Kukla's Korner

Goalies Talk Shootout

Blog: KK Hockey By Paul

from Al Strachan of the Toronto Sun,

Of all the new rules, the one that seems to be creating the most controversy is the shootout. Although it is highly popular among American hockey fans, a lot of Canadians still don't like it. Strangely enough though, a highly unscientific survey -- a series of chats with the players themselves -- would indicate that the players enjoy it. The goalies? Reviews are mixed. They tend to say that they like the shootouts when they win, but for the most part, they accept it as a form of entertainment that is necessary to help the game recapture its fan base.

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“We Will Make Changes”- Kevin Lowe

Blog: KK Hockey By Paul

from the Edmonton Sun,

Kevin Lowe has some "mad money.'' But as mad as he is right now and as infuriated as Edmonton Oiler fans may be, Lowe isn't ready to kick his dog and go out and spend it yet. "Last August we knew we'd want to add something,'' said the GM of the money he left himself under the Oilers' budget with the new collective bargaining agreement and the new NHL salary cap. "We knew we'd be able to add something during the season. We didn't know if it would be defence or to add goal scoring.'' The idea, he admits, was to wait a while longer, let the hockey team settle to get a complete and accurate reading, and make the right decisions. "You don't want to make moves based on a game like we just watched,'' he said of the 7-1 debacle against the Colorado Avalanche. "We will make changes,'' said Lowe.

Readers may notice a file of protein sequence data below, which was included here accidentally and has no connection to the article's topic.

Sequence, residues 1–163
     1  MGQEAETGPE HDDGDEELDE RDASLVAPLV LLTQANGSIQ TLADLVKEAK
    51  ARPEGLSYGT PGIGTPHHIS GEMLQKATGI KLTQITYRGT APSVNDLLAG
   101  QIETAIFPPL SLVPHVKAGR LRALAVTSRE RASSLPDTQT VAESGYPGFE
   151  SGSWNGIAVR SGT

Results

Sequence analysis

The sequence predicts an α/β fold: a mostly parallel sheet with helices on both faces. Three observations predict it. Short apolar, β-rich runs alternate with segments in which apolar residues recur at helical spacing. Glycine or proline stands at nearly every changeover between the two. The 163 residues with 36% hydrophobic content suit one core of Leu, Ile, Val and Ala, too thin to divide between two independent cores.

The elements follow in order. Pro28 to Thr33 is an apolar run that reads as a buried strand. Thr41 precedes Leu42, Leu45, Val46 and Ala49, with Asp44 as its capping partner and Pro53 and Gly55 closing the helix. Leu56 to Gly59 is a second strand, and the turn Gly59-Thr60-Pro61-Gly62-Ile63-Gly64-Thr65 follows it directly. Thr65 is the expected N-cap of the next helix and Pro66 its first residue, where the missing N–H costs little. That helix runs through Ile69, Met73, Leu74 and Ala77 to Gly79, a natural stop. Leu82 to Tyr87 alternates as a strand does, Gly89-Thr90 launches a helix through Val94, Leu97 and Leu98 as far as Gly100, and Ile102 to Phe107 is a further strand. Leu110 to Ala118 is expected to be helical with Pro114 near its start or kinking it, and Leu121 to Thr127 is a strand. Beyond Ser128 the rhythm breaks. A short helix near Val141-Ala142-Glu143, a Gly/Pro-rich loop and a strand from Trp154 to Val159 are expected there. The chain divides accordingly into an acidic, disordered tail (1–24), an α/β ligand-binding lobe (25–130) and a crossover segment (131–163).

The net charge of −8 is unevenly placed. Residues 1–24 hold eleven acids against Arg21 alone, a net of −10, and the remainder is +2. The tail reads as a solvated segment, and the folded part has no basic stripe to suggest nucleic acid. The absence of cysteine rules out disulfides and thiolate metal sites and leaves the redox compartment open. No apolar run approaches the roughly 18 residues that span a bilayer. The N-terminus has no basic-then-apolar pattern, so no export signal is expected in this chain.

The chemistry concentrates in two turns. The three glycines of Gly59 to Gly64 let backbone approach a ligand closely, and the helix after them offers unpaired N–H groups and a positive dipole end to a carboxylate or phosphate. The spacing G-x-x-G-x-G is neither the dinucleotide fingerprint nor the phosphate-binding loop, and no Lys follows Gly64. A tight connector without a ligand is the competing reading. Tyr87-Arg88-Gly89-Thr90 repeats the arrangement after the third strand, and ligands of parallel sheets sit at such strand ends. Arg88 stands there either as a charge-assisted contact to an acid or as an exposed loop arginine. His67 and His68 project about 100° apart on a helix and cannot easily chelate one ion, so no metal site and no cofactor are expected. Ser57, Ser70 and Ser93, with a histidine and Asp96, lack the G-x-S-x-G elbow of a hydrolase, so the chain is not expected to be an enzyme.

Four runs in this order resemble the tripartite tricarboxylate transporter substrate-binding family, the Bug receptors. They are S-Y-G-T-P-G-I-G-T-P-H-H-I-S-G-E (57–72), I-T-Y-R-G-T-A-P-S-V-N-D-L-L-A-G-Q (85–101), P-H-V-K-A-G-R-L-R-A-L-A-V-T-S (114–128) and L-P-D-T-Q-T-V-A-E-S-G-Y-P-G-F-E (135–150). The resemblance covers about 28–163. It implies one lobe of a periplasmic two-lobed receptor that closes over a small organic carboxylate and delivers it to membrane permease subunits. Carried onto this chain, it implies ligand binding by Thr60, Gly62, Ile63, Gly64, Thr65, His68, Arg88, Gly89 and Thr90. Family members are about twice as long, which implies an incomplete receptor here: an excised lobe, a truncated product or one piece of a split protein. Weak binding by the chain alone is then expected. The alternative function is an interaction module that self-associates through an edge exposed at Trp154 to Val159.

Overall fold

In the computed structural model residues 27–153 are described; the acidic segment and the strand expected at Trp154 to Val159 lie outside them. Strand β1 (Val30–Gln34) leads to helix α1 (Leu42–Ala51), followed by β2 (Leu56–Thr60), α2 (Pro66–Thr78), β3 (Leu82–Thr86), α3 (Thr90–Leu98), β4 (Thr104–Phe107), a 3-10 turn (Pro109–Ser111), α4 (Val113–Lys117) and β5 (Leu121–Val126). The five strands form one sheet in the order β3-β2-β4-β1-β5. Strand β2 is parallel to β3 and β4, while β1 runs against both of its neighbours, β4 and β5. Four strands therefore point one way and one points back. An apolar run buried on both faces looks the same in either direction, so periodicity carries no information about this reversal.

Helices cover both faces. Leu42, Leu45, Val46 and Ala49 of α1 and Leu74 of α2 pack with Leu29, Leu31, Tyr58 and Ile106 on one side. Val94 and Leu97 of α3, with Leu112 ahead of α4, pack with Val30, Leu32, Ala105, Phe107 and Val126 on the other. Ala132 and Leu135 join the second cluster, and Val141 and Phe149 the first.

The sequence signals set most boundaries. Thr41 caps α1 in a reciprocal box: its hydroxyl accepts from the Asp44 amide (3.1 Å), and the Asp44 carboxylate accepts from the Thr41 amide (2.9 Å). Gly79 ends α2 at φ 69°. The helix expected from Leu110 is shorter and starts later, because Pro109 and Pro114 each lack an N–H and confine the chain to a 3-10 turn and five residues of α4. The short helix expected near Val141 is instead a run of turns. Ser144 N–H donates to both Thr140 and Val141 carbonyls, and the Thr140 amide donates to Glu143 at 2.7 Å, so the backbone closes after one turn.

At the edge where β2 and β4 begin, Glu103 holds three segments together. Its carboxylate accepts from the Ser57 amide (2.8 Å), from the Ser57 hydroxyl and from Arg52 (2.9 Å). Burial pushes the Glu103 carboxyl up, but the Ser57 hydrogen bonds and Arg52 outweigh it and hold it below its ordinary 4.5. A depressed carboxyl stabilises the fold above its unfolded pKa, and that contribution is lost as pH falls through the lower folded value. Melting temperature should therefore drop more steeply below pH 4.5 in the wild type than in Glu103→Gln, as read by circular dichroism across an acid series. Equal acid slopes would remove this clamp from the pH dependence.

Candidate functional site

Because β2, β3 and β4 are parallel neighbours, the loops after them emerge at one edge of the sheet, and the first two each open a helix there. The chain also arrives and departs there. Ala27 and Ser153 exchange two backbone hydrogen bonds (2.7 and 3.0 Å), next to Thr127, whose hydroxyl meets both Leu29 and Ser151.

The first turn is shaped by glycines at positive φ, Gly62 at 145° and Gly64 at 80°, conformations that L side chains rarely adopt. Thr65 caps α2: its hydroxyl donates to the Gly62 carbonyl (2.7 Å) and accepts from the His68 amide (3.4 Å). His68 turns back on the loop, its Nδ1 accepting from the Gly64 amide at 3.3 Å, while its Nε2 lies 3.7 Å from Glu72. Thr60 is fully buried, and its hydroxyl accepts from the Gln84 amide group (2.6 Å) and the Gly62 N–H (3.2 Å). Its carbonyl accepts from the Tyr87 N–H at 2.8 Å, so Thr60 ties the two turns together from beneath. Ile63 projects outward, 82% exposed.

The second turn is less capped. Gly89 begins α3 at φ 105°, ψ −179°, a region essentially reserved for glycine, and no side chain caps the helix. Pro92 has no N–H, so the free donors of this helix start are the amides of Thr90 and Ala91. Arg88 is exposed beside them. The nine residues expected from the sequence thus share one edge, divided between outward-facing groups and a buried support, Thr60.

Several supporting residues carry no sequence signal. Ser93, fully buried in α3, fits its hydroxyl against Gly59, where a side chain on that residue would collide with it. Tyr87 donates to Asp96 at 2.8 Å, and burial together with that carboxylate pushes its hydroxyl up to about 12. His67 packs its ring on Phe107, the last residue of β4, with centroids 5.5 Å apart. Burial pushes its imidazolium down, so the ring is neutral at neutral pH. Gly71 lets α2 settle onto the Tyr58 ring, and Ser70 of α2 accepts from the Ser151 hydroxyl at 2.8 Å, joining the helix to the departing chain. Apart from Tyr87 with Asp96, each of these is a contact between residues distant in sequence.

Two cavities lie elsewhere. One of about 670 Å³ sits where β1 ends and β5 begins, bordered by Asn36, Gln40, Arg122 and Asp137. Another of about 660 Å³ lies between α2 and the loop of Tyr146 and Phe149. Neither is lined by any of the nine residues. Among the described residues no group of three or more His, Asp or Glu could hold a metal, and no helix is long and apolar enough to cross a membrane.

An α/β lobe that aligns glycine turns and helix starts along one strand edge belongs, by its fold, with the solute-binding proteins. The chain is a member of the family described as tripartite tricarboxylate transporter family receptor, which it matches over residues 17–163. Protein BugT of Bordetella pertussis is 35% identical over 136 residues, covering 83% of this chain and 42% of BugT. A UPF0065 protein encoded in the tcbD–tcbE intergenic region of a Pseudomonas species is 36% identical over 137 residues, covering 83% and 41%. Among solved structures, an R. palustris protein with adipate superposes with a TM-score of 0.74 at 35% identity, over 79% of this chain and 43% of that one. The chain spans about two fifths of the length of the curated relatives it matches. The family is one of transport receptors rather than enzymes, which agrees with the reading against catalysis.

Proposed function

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Old Time Hockey

Blog: KK Hockey By Paul

Don Cherry on HNIC says the new NHL is just like old-time hockey, then said yea, it is old-timer hockey. Cherry thinks the fans will grow tired of all the scoring, said the players all rush the net now without any fear of being knocked out of the way. Ron MacLean state Ken Hitchcock told him off the record that he wished the Toronto-Philly game tonight could have been played the way ti was two years ago. I have a feeling we are going to hear more and more complaining from coaches and again, the NHL must step in to stop the complaining.

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Coaches Complaining

Blog: KK Hockey By Paul

"I don't understand how they called that many power plays against us," he said. "I don't understand how we're that bad. I guess the Detroit Red Wings get those calls in their building."

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Living A Dream In Montreal

Blog: KK Hockey By Paul

from Fox Sports,

It certainly wasn't an easy road Higgins traveled to make his way to the Montreal Canadiens. But it was one well worth the trip. Despite being told time and time again when he was growing up that he was too small to play in the NHL, Higgins soldiered on and battled his way through the hockey ranks to get the right people to notice his abilities. When he was in the eighth-grade a coach tried to discourage him from thinking about playing hockey at the high school varsity level, but the then-5-foot-5 frontliner didn't listen.

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Flyers & Devils Meet The Cap

Blog: KK Hockey By Paul

from the Asbury Park Press,